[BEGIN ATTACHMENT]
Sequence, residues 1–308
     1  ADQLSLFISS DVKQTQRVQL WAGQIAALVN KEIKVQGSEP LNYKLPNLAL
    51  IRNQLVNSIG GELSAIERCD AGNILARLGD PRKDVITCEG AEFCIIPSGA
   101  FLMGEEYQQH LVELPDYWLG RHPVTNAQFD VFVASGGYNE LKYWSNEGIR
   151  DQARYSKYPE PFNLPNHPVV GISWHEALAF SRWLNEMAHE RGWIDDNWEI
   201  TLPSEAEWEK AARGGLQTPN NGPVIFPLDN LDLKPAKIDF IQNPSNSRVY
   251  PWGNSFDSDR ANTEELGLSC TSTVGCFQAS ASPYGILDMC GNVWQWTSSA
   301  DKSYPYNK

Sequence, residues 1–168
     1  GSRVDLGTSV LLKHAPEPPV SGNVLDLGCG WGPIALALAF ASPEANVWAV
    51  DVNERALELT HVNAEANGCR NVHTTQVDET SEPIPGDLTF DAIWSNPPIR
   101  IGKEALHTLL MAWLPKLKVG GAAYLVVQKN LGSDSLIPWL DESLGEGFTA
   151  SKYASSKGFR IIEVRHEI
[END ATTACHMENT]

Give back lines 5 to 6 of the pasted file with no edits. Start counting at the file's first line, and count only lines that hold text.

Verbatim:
   151  DQARYSKYPE PFNLPNHPVV GISWHEALAF SRWLNEMAHE RGWIDDNWEI
   201  TLPSEAEWEK AARGGLQTPN NGPVIFPLDN LDLKPAKIDF IQNPSNSRVY